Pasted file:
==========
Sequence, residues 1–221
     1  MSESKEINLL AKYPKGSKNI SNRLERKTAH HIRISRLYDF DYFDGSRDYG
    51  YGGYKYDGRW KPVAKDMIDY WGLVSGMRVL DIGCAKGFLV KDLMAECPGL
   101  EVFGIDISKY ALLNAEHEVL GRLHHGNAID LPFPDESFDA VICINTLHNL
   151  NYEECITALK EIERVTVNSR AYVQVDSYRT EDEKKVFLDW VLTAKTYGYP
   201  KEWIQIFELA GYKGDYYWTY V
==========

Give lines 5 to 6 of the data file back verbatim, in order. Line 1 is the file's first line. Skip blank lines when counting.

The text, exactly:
   151  NYEECITALK EIERVTVNSR AYVQVDSYRT EDEKKVFLDW VLTAKTYGYP
   201  KEWIQIFELA GYKGDYYWTY V